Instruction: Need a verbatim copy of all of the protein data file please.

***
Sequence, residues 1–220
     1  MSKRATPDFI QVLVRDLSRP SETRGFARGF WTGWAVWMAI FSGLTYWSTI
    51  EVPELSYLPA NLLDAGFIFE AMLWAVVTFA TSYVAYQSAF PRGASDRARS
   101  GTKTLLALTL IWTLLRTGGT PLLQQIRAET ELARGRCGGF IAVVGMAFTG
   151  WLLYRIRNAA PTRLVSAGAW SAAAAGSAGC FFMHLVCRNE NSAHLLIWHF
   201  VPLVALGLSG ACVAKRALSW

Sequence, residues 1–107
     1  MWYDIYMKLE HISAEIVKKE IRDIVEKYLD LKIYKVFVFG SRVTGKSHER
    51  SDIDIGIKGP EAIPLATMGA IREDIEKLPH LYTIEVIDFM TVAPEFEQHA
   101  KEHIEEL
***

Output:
Sequence, residues 1–220
     1  MSKRATPDFI QVLVRDLSRP SETRGFARGF WTGWAVWMAI FSGLTYWSTI
    51  EVPELSYLPA NLLDAGFIFE AMLWAVVTFA TSYVAYQSAF PRGASDRARS
   101  GTKTLLALTL IWTLLRTGGT PLLQQIRAET ELARGRCGGF IAVVGMAFTG
   151  WLLYRIRNAA PTRLVSAGAW SAAAAGSAGC FFMHLVCRNE NSAHLLIWHF
   201  VPLVALGLSG ACVAKRALSW

Sequence, residues 1–107
     1  MWYDIYMKLE HISAEIVKKE IRDIVEKYLD LKIYKVFVFG SRVTGKSHER
    51  SDIDIGIKGP EAIPLATMGA IREDIEKLPH LYTIEVIDFM TVAPEFEQHA
   101  KEHIEEL